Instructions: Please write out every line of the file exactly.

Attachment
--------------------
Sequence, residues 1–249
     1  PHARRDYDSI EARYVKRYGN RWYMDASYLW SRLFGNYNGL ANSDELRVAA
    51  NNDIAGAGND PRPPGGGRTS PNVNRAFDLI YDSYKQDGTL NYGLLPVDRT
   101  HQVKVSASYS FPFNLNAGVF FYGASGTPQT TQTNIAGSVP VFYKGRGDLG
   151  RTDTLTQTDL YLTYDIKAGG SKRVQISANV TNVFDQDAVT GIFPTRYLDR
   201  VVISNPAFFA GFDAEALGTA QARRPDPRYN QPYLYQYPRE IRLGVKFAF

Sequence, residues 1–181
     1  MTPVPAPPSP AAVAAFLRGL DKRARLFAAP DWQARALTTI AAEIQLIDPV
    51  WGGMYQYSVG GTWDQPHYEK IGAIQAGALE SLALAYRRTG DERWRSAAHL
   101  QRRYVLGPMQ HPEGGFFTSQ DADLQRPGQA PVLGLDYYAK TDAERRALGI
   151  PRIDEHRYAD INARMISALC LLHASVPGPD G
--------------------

Sequence, residues 1–249
     1  PHARRDYDSI EARYVKRYGN RWYMDASYLW SRLFGNYNGL ANSDELRVAA
    51  NNDIAGAGND PRPPGGGRTS PNVNRAFDLI YDSYKQDGTL NYGLLPVDRT
   101  HQVKVSASYS FPFNLNAGVF FYGASGTPQT TQTNIAGSVP VFYKGRGDLG
   151  RTDTLTQTDL YLTYDIKAGG SKRVQISANV TNVFDQDAVT GIFPTRYLDR
   201  VVISNPAFFA GFDAEALGTA QARRPDPRYN QPYLYQYPRE IRLGVKFAF

Sequence, residues 1–181
     1  MTPVPAPPSP AAVAAFLRGL DKRARLFAAP DWQARALTTI AAEIQLIDPV
    51  WGGMYQYSVG GTWDQPHYEK IGAIQAGALE SLALAYRRTG DERWRSAAHL
   101  QRRYVLGPMQ HPEGGFFTSQ DADLQRPGQA PVLGLDYYAK TDAERRALGI
   151  PRIDEHRYAD INARMISALC LLHASVPGPD G